Cristiano Ronaldo headed the winner nine minutes from time as Manchester United came back from two goals down to record a memorable Champions League triumph against Atalanta at Old Trafford.
Ole Gunnar Solskjaer’s side had been booed off at the break, such was the lack of invention they showed in falling behind to goals from Mario Pasalic and Merih Demiral.
But the jeers turned to cheers as United, roared on by an increasingly frenzied crowd, rallied to complete one of their great European victories.
Marcus Rashford reduced the deficit with an excellent finish eight minutes after the restart before skipper Harry Maguire drove home after being left free at the far post to get on the end of Edinson Cavani’s flick.
But, inevitably, it was Ronaldo who won the game, just as he did three weeks previously against Villarreal.
This time it was with one of his trademark headers as he rose to meet Luke Shaw’s cross and find the bottom corner to send United to the top of Group F.
This was another one of those nights when Solskjaer seemed to pull it out of the bag just as his Old Trafford reign was about to be seriously called into question.
However, the home fans at least made their feelings known before kick-off with a long rendition of ‘Ole’s at the wheel’, before the familiar ‘Ole, Ole, Ole’ chant rang round Old Trafford.
Once the game had started, ‘Who put the ball in the German net’ was heard. That song is in honour of Solskjaer’s most famous goal, the Champions League winner in 1999 that ensures he will always be a hero at the club, no matter how his managerial reign works out.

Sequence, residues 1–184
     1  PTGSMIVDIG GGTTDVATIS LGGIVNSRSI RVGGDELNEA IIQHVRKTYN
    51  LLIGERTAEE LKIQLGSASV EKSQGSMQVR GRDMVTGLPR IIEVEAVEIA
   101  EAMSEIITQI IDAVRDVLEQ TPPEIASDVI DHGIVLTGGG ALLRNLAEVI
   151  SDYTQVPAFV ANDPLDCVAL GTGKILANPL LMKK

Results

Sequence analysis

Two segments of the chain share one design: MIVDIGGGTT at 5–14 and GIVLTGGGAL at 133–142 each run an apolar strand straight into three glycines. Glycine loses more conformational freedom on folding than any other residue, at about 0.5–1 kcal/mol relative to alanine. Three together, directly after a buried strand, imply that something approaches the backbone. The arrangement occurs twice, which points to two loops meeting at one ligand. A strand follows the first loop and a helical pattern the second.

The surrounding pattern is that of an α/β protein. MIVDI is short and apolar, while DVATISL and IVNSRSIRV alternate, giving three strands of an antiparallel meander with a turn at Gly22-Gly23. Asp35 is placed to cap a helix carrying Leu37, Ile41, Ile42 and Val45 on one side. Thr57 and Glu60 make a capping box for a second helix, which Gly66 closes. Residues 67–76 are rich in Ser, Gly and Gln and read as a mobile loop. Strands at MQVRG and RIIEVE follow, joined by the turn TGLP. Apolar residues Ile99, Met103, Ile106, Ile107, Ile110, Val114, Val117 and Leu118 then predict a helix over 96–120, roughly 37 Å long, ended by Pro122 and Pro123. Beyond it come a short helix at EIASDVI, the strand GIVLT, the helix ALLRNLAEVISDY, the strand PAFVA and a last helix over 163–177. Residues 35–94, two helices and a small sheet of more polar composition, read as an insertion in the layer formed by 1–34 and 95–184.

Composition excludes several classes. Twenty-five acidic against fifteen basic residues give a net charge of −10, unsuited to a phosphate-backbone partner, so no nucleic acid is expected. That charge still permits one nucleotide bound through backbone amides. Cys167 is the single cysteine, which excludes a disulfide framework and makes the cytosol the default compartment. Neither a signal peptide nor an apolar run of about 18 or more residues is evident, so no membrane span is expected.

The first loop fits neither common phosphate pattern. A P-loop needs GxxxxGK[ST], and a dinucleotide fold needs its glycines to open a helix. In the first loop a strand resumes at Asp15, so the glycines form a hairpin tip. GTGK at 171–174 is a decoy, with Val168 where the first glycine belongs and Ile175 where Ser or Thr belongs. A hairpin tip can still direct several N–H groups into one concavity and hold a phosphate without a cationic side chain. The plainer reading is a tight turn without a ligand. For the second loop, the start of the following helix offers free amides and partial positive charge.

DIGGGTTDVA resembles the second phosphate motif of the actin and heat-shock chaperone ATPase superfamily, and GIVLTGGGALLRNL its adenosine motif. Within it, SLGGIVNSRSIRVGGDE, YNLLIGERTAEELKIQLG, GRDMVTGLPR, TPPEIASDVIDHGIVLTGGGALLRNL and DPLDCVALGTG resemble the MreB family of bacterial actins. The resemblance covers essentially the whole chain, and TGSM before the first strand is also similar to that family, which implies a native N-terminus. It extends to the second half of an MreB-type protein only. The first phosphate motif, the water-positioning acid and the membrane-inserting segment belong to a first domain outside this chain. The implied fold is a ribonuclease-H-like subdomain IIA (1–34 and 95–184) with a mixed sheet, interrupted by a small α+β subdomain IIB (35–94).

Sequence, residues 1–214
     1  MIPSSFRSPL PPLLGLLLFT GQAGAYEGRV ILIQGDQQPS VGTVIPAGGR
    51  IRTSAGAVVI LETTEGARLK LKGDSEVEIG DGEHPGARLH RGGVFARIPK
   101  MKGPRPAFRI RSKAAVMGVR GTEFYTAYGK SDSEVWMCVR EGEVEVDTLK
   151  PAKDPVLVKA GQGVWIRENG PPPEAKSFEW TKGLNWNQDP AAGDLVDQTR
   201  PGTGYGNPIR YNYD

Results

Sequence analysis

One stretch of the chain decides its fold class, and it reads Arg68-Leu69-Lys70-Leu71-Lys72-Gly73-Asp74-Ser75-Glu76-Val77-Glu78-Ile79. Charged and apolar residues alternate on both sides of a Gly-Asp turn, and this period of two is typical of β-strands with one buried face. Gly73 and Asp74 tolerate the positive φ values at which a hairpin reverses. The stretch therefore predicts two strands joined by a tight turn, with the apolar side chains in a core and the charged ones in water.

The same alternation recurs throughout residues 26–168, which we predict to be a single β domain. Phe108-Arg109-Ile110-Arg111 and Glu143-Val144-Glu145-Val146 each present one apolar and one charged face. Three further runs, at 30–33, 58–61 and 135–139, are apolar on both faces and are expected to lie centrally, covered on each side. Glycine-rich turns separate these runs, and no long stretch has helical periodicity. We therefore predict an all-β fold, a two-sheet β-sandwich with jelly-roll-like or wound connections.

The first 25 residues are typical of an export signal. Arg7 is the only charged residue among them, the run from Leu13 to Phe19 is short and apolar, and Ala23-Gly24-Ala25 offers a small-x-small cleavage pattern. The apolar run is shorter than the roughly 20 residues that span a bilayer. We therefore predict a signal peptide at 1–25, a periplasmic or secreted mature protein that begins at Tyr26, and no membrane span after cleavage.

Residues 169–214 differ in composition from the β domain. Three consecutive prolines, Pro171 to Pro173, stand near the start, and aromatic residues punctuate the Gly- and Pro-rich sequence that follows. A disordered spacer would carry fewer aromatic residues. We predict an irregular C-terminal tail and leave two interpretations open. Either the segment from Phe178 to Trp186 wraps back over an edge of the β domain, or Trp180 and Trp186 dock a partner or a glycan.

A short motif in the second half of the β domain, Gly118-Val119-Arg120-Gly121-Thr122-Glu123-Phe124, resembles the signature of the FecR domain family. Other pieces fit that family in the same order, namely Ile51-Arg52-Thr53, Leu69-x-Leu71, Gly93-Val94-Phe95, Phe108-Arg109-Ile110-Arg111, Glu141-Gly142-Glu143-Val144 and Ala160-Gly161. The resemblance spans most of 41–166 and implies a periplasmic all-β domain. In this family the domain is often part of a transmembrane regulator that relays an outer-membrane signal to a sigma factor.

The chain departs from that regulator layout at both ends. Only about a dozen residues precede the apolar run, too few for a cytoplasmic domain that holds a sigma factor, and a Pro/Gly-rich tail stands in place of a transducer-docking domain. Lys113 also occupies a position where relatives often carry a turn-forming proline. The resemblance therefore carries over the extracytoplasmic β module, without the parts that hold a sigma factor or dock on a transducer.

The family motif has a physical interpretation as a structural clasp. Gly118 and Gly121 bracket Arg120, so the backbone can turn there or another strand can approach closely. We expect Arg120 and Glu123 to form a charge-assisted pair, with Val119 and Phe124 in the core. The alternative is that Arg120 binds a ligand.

The problem for Solskjaer is that the managing bit has not been going well at all.
Brave enough to drop Paul Pogba following Saturday’s defeat at Leicester, when the United boss bemoaned his side’s defending at set-pieces and said something had to change, Solskjaer was rewarded by one of the Frenchman’s midfield replacements going missing for the Atalanta opener before his side conceded a second at a corner.
From a position of limited danger, United were suddenly in loads of it, purely because Davide Zappacosta’s overlapping run went completely unchecked as Scott McTominay failed to react. The low cross invited the finish, which Pasalic duly applied from inside the six-yard box.
It was the fifth time in seven home Champions League games under Solskjaer that United had fallen behind.
For the second, Demerai simply wanted it more as he climbed highest at a corner to power in the second, with both Shaw and Maguire ineffective in response.
There had been agitation before the half-time whistle, which brought a lot of boos, before the singing section close to the tunnel offered more positive support, which Solskjaer acknowledged as he made his way towards the dressing rooms.